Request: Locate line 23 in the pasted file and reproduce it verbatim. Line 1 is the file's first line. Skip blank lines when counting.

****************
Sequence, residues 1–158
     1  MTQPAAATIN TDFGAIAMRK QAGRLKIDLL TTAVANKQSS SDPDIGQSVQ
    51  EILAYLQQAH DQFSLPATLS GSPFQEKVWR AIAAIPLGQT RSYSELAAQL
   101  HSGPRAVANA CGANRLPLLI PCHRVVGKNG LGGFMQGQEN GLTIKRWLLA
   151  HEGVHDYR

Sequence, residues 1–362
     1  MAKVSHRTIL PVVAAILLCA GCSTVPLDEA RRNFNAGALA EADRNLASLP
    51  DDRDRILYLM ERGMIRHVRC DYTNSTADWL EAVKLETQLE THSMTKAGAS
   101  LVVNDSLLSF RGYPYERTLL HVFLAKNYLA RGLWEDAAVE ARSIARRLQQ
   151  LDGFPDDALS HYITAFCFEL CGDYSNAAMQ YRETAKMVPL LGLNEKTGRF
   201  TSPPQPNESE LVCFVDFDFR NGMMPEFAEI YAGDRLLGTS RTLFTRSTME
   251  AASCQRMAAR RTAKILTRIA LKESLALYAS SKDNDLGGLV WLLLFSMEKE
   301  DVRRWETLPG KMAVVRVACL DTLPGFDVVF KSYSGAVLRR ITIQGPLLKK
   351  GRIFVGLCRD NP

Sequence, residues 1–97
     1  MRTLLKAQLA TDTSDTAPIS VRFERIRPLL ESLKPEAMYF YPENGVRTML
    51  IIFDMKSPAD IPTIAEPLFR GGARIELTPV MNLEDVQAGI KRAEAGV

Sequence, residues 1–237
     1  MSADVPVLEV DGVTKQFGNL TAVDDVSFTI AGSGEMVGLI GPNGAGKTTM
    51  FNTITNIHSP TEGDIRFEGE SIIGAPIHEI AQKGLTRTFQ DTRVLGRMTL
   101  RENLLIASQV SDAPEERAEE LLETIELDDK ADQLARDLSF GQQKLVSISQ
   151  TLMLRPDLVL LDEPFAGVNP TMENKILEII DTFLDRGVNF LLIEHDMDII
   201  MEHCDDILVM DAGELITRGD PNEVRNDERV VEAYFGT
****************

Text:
   201  MEHCDDILVM DAGELITRGD PNEVRNDERV VEAYFGT